Last year, Daniel Markstedt (handles rdmark or slipperygrey) released a new Netatalk 2.x fork which can be compiled on modern Linux and includes systemd services. I'll be installing it on a Fedora Server VM running on ESXi.


To get netatalk-2.x installed and serving AFP and AppleTalk, we need to compile it. First, we'll install some dependencies:

; sudo dnf install openssl-devel libgcrypt-devel libdb-devel automake libtool avahi-devel cups-devel
Dependency Feature
avahi-devel Zeroconf (Bonjour) service discovery in Mac OS X 10.2 or later
cups-devel papd printer server support
libgcrypt-devel DHX2 authentication support, required for Mac OS X 10.2 or later

Then we'll need the appletalk kernel module for AppleTalk network support. On Fedora this is provided by kernel-modules-extra, but not on Fedora 35:

; sudo dnf install kernel-modules-extra

On Fedora, the appletalk module is blacklisted. To allow it, edit the file /etc/modprobe.d/appletalk-blacklist.conf and comment out the last line:

# This kernel module can be automatically loaded by non-root users. To
# enhance system security, the module is blacklisted by default to ensure
# system administrators make the module available for use as needed.
# See for more details.
# Remove the blacklist by adding a comment # at the start of the line.
#blacklist appletalk

Then have the module load automatically4, we need to add the file /etc/modules-load.d/appletalk.conf:

# Load appletalk.ko at boot

which configures the systemd-modules-load.service service. You can test it with:

; sudo systemctl start systemd-modules-load.service
; journalctl -n 10 -u systemd-modules-load.service
Aug 05 01:25:44 systemd[1]: Starting systemd-modules-load.service - Load Kernel Modules...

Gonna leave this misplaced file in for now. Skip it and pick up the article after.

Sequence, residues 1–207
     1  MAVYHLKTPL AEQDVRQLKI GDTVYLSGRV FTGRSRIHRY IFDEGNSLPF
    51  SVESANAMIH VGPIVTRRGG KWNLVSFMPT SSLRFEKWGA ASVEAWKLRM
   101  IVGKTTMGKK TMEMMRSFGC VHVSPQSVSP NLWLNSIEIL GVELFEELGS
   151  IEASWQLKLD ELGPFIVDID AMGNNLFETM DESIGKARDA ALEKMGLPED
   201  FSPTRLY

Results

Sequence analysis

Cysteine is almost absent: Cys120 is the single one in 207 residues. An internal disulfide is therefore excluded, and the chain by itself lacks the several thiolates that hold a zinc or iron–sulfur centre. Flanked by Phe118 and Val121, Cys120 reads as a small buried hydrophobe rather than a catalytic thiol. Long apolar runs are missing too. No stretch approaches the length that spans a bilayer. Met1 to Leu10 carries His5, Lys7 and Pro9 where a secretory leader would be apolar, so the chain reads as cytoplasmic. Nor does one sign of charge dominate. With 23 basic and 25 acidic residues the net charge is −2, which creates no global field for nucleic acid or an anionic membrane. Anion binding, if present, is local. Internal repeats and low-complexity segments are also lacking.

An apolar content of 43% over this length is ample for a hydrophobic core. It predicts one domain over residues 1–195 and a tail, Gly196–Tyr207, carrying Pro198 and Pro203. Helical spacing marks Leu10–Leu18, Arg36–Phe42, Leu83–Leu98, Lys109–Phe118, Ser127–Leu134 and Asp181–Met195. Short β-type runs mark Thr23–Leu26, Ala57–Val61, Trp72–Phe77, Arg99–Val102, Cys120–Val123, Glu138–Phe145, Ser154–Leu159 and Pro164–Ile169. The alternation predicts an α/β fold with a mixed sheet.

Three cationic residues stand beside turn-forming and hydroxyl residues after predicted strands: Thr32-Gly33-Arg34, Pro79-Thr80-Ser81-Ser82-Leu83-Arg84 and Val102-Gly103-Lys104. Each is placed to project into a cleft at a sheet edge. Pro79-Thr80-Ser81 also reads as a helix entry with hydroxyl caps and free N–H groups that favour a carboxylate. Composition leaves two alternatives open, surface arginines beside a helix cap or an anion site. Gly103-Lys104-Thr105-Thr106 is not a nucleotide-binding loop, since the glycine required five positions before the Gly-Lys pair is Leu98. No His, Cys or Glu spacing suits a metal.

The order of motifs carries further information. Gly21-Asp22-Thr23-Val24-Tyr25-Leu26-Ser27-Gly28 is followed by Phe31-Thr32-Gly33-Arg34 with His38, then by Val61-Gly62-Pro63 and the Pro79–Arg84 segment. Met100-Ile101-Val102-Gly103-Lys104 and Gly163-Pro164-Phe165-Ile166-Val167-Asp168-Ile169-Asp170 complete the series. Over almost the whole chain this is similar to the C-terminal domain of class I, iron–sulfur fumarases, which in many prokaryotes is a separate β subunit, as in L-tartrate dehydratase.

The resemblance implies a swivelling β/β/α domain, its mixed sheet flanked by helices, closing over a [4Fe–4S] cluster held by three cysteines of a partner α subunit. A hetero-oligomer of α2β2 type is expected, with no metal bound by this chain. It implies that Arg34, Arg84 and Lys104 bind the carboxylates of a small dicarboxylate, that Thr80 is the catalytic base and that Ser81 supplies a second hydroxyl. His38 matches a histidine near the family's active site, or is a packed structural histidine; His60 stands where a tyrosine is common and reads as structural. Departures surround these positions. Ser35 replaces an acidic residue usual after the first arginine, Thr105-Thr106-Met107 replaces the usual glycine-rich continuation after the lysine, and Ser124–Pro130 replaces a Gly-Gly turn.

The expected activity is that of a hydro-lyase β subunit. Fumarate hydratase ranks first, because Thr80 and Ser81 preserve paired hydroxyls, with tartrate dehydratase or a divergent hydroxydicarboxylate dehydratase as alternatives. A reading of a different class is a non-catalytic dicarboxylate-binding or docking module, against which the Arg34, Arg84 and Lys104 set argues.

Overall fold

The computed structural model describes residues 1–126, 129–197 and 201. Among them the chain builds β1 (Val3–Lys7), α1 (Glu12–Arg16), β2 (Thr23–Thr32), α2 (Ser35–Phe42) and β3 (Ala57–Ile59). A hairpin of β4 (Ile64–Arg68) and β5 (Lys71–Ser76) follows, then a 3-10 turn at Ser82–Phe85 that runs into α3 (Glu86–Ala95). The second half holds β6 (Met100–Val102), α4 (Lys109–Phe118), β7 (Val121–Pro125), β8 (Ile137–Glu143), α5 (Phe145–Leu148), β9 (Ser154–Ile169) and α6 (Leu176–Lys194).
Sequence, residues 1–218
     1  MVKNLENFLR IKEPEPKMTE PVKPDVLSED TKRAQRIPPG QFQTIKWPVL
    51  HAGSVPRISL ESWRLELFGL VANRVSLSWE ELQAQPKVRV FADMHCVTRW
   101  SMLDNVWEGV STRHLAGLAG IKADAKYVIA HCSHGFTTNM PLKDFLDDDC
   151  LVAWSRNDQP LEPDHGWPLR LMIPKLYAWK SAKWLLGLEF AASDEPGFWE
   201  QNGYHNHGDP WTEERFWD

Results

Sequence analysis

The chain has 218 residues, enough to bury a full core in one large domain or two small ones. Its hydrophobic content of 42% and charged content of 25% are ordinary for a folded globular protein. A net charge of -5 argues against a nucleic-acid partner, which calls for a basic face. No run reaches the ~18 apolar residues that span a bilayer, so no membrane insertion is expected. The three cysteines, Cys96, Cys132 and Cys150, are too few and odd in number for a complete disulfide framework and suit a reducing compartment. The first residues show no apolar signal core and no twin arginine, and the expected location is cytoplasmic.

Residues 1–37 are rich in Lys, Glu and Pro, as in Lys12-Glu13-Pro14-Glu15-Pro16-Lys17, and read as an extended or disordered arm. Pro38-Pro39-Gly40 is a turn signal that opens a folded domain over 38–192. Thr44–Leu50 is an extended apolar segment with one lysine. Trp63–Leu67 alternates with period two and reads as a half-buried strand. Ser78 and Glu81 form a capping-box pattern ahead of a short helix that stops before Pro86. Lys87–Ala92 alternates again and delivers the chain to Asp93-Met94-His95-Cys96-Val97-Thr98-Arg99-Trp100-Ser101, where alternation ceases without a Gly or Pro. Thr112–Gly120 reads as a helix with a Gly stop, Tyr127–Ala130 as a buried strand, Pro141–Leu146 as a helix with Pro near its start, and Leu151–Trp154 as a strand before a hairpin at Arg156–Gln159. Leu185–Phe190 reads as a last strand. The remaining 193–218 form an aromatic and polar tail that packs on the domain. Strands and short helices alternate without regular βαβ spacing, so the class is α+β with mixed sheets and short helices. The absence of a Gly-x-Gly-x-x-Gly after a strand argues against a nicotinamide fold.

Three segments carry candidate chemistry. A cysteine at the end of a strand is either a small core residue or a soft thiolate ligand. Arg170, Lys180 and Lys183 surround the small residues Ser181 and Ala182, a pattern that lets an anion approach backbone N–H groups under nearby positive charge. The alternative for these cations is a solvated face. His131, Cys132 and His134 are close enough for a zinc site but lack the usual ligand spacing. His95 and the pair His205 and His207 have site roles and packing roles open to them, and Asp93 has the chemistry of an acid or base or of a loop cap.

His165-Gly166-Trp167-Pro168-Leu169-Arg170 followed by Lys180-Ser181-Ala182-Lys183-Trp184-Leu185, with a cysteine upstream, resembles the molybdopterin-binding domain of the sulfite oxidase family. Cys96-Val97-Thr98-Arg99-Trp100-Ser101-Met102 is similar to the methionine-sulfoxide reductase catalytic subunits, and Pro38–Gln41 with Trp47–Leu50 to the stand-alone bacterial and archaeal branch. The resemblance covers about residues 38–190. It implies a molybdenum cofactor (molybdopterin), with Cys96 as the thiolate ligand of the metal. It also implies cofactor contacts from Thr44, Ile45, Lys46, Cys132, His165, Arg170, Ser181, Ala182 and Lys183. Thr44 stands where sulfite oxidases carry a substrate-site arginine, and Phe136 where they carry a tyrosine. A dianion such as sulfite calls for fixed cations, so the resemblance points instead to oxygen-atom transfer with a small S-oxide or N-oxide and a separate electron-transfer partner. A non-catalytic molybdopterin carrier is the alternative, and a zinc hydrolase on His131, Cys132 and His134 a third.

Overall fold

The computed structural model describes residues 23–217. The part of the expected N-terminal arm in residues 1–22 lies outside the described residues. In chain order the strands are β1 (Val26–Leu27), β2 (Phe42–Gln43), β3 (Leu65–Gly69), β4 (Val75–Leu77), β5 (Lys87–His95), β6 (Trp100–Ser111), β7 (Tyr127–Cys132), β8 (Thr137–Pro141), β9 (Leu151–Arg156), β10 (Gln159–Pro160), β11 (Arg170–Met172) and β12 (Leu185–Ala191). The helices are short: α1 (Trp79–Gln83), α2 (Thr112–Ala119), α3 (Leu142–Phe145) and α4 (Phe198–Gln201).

Aug 05 01:25:44 systemd-modules-load[1433]: Inserted module 'appletalk'

Upon reboot, the module should be automatically loaded. To test the module is loaded:

; lsmod | grep '^appletalk'

and to manually load the module:

; sudo modprobe appletalk

To compile netatalk-2.x, first clone the repo:

; git clone

Then run the boostrap script5.

; ./bootstrap

Now run the configure script, options are described in this post.

; ./configure --enable-systemd --enable-ddp --enable-a2boot --enable-cups --enable-timelord --enable-zeroconf --disable-quota --sysconfdir=/etc --with-uams-path=/usr/lib/netatalk

Finally, run make then make install as root.

; make
; sudo make install


Now you should have the systemd services in place for atalkd.service and afpd.service among others. First let's set up some minimal config files under /etc/netatalk/:

To configure atalkd.conf, you'll need the name of the interface that an AppleTalk network will be present on (a LAN):

; ip addr
1: lo: ...
2: ens160: ...

In my case my VM's interface is named ens160, so my /etc/netatalk/atalkd.conf file ends with the line:

ens160 -router -phase 2 -net 1 -addr 1.41 -zone "office"